The plan of God is that men and women, once married, should become one flesh. They become one by divine decree. And Jesus adds authoritatively that no one may put asunder what God has put together. In the same text of Mark's Gospel he says that whoever divorces his wife or her husband and marries another commits adultery, and whoever marries a divorced person also commits adultery. He shocks his contemporaries here by insisting on the equal dignity of men and women. He made them realise that it is the hardness of heart of the people, their rejection of sacrificial love, that often led a man to cast off the wife that is no longer to his liking. This practice he reasons, is antithetical to the logic of the kingdom.
As he directs us to God's original plan for man and woman, Jesus calls upon his followers to re-examine our idea of conjugal love, to beware of the prevalent sociological currents, outlooks and opinions. He warns Christians not to join the bandwagon in celebrating the false freedoms that comes via divorce, pre-marital sex and co-habitation without marital commitment. The idea of conjugal love and marriage often exhibited by movie stars, and sports celebrities, who call the whole world together one day for marriage only to shamelessly obtain a divorce the next day is not fit for the subjects of the kingdom. The idea of conjugal love often expressed in Hollywood movies and pop songs as something easily contracted and disposed of is not for Christians to embrace. For Christ, conjugal love is rooted in the love of God, which is sacrificial love, love that is true only when it hurts, not one that runs away when it begins to hurt.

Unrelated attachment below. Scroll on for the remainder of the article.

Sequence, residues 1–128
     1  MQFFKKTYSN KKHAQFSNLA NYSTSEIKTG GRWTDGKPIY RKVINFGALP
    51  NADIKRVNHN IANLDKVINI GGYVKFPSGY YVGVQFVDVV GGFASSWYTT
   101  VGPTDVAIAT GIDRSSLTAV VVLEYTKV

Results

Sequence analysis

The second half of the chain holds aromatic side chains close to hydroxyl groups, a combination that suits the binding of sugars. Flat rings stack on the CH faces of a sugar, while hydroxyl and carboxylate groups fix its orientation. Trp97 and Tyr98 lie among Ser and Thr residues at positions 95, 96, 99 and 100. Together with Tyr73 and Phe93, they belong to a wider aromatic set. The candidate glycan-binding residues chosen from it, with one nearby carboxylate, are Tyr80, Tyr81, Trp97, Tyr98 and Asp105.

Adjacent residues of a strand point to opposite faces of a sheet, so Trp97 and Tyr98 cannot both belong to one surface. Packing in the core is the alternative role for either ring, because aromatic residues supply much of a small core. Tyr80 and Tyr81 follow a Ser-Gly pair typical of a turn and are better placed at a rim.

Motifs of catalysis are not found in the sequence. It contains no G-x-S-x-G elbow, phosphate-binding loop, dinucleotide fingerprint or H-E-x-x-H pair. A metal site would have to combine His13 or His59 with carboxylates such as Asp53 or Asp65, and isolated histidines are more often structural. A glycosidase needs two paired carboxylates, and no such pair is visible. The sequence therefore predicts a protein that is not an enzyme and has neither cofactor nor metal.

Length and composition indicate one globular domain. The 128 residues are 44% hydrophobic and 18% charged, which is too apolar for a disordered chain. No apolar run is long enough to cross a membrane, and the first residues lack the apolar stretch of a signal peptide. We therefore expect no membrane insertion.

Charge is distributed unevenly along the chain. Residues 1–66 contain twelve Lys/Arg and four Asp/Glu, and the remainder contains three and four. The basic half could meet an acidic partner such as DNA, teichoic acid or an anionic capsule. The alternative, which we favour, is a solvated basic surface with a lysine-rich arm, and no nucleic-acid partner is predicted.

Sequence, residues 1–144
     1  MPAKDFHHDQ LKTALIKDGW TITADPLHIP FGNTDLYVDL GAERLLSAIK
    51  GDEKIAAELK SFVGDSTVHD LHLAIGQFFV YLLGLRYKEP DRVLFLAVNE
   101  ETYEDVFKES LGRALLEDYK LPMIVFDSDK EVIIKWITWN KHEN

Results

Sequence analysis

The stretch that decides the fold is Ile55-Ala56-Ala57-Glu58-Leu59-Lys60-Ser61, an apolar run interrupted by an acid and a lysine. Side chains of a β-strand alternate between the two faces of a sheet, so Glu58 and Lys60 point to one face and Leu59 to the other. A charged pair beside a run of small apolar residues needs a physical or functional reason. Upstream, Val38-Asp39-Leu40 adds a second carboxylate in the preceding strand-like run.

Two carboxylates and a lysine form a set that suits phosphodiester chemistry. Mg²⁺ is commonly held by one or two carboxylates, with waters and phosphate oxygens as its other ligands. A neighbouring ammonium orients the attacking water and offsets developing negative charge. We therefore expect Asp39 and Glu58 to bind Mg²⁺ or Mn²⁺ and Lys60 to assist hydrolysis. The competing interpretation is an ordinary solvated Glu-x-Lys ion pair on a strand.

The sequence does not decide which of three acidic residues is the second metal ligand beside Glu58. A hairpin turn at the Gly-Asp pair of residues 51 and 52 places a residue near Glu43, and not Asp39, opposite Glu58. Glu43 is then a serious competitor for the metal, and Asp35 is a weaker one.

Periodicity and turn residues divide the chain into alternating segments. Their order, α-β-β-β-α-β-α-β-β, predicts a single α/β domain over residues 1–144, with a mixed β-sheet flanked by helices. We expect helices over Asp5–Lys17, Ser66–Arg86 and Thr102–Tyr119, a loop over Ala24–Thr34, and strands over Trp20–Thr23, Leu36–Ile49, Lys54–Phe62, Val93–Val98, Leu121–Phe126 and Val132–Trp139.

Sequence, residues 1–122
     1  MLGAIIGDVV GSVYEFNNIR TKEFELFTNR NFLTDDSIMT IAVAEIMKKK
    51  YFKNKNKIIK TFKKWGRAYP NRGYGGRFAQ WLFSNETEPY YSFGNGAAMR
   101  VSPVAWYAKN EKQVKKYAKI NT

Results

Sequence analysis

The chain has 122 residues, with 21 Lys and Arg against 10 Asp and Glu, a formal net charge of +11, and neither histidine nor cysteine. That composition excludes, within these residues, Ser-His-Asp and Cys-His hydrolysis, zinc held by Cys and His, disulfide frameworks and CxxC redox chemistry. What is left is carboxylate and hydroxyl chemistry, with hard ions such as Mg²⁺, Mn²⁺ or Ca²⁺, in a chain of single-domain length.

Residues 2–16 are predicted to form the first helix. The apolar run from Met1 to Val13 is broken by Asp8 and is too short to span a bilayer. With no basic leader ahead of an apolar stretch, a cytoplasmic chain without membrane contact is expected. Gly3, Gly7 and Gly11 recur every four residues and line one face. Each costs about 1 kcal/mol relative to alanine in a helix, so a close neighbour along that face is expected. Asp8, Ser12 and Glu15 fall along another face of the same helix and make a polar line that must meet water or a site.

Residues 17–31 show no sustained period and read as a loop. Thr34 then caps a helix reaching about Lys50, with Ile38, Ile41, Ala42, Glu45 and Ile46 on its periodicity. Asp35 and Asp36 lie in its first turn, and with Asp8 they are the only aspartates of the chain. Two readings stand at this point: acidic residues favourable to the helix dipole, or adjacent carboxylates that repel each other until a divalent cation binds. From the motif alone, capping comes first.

Rather than conforming to the dominant values of the day, the level of our Christian commitment is always to be measured by how far away we are from the dominant values of our age that is full of evil inclinations. The mission of Christ is to take humanity to the original beauty of creation, to marriage in its pristine purity. The issue is not whether divorce is legal or illegal. The orientation of Jesus is not one of legality but of morality and spirituality. It is the hardness of heart of the Jews that made Moses allow divorce. But for Christians, this is not to hold. The issue at stake is that of marriage as a covenant relationship that can only be sustained by covenant love. Those who wish to be part of the new covenant of Christ cannot live by the prevailing permissive logic that is based on pride, arrogance, hedonism and the idolatry of the self. Instead they must embrace the high standards of sacrificial love, humility, self-effacement, self-abnegation and self-discipline put forth by Christ in the Sermon on the Mount (Matthew 5-7).
The entire Christian life, and particularly the union of man and woman in Christ is a sign of contradiction. The call to Christian marriage is often an invitation to go against the current of promiscuity, permissiveness, manipulation and exploitation, the type that made Moses relax the law. The call to Christian marriage is an invitation to embrace sacrificial love, to remain faithful and committed to a covenant of love, even when it hurts. In fact, as the legendary Mother Teresa of Calcutta so powerfully put it, "until it really hurts, all claims to love are mere pretensions." So she often admonishes people to "love until it hurts.